Extractive Sector: Centre Decries Use Of Underage Girls As Arms Couriers

The African Centre for Leadership, Strategy and Development (Centre-LSD) has condemned the alleged use of underage girls as arms couriers and illegal mineral smugglers in the extractive sector in the country.

The centre said this at a news conference on the official close out of the centre’s build grant of the Gender-Based Violence (GBV) in the Extractive Sector in Nigeria.

The Executive Director, Centre-LSD, Mr Monday Osasah, said that in the last six years, the centre had been working in six states namely Ebonyi, Edo, Ekiti, Nasarawa, Taraba and Zamfara, cutting across the six geo-political zones of Nigeria.

Osasah added the centre discovered a lot of challenges around Gender-Based Violence (GBV) yet there was no clear statistics to highlight it.

He said that the centre decided to carry out research on GBV in the extractive sector in collaboration with the National Bureau of Statistics (NBS) with a grant from the Ford Foundation.

“We decided to interact with the system and structures that marginalised women in fully participating in the sector and put girls in danger in the extractive sector which included sexual abuse, domestic violence, threats among others.

“Like the research revealed that there was the use of underage girls’ arms couriers and illegal mineral smugglers among others.

“So, we engaged the system to create a policy document on GBV that can influence advocacy in the National Assembly, and other relevant stakeholders.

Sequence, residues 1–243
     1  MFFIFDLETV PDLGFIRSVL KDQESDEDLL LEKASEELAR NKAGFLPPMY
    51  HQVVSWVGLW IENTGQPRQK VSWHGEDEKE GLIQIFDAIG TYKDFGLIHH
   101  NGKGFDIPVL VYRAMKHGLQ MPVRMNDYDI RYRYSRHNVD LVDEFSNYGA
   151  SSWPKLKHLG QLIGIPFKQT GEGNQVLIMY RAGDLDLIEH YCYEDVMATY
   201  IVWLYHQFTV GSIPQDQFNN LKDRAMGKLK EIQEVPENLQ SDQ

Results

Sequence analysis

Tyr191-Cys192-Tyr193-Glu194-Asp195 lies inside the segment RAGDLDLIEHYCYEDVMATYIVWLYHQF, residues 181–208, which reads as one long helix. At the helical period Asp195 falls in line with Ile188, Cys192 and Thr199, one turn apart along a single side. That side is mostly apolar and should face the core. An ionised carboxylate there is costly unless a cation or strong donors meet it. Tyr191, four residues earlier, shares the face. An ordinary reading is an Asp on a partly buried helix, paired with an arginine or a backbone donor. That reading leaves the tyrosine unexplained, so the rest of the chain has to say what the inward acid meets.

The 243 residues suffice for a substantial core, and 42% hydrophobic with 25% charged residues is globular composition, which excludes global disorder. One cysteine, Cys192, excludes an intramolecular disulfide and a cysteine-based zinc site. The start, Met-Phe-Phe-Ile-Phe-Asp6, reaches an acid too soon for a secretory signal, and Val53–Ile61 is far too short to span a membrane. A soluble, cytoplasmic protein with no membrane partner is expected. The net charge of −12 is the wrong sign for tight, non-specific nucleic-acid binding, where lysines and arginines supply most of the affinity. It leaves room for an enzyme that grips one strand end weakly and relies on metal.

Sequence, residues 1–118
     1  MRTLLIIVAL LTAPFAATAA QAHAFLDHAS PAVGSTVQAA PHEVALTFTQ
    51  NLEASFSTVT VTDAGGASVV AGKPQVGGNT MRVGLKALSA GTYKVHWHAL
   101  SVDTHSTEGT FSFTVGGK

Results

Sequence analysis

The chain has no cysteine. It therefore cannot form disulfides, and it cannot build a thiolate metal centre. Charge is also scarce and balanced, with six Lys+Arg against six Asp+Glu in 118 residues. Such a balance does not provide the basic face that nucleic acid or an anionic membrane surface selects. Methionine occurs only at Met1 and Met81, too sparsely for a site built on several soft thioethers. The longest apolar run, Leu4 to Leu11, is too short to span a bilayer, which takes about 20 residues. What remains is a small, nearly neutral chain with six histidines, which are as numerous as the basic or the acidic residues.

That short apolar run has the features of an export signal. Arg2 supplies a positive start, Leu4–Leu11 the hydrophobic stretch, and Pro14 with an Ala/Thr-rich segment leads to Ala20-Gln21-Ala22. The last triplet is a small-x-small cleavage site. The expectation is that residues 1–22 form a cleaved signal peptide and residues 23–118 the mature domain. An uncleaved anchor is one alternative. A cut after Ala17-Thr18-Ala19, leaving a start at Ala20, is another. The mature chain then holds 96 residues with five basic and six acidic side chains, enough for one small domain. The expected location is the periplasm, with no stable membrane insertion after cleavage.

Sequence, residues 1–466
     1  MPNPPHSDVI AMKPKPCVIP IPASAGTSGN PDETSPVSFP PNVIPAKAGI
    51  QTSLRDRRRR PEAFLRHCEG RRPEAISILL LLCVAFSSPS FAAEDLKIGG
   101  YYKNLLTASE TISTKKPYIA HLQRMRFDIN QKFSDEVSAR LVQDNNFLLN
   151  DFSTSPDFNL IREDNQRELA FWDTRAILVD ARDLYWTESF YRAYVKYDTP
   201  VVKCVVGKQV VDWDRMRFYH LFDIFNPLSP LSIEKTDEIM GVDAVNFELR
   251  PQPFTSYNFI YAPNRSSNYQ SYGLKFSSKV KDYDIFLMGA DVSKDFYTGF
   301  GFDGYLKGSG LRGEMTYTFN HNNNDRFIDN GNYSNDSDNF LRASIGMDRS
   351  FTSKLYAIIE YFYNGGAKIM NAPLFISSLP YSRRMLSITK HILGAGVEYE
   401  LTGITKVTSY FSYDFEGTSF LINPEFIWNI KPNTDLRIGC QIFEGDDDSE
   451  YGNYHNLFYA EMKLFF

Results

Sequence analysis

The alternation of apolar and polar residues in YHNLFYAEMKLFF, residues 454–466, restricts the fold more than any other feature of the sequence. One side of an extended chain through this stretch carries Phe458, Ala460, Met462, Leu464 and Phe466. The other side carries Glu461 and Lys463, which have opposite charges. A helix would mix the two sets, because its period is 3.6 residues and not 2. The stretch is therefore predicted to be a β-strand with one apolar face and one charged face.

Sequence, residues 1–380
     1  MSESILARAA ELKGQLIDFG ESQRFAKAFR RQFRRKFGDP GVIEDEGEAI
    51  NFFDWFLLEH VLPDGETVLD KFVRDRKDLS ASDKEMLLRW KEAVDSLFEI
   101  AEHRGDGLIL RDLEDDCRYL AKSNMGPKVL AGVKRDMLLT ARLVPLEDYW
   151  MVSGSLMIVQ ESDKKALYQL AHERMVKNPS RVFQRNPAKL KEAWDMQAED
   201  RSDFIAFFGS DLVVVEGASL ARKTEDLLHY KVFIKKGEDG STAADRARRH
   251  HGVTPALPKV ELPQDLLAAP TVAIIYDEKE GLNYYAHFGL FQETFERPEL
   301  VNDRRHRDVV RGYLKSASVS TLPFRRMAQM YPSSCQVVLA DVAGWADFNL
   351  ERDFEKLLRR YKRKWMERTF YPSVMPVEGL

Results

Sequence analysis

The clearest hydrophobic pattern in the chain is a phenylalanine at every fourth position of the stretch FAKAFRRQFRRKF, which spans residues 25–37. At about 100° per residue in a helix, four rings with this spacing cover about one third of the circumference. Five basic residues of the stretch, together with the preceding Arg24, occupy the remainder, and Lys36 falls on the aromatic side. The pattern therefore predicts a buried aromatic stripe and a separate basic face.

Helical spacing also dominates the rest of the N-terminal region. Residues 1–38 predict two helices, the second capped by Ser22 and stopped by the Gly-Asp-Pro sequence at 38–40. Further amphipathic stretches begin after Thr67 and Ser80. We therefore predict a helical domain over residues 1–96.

“This is so that the existing law can be tinkered with to reflect the reality on the ground.

“The research has helped Nigeria to have concrete data in the extractive industry,” he said.

Osasah said that with time, the centre hoped to get enough funding so as to expand to all the states in the nation to have sufficient data that can always be referred to.

Dr Akin Oke, Lead consultant, Easy Data and one of the researchers, said that available evidence from the research identified patriarchy and male-dominated culture as drivers of GBV in the extractive sector.

Oke said that the most prevalent forms of GBV in mining communities were domestic violence-31 per cent, forced marriage-15 per cent and sexual abuse-14 per cent.

“However, there is a study-defined category that highlighted other forms of GBV being experienced in the communities which include rights violation in terms of safety concerns and lack of protective materials not provided.

“Others are economic abuse, women being paid less than men for similar tasks on mining sites, women and girls driven from sites with threats of rape and sexual abuse.

“There is also manipulation of underage girls for sexual favours, underage girls’ arms couriers and illegal mineral smugglers,” he said.

Oke said that the study, therefore,  recommended specific actions required of the government, civil groups and other stakeholders in addressing GBV in the extractive sector, such as sustained advocacy for policy review.

Ms Olayinka Marthins, Director of Development, Centre-LSD, said that in January 2021, the Centre began the implementation of the BUILD grant for strengthening an intersectional approach to gender and natural resources management.

Marthins said that the project aimed at strengthening institutions, programmed interventions, capacity building among others.

She said that the Centre recorded several results from this intervention in one year some of which included an increase in the number of female employees in mining companies.

She said that others included compliance with statutory regulations in the mining act section 9 (1) officer, improved livelihood among others.


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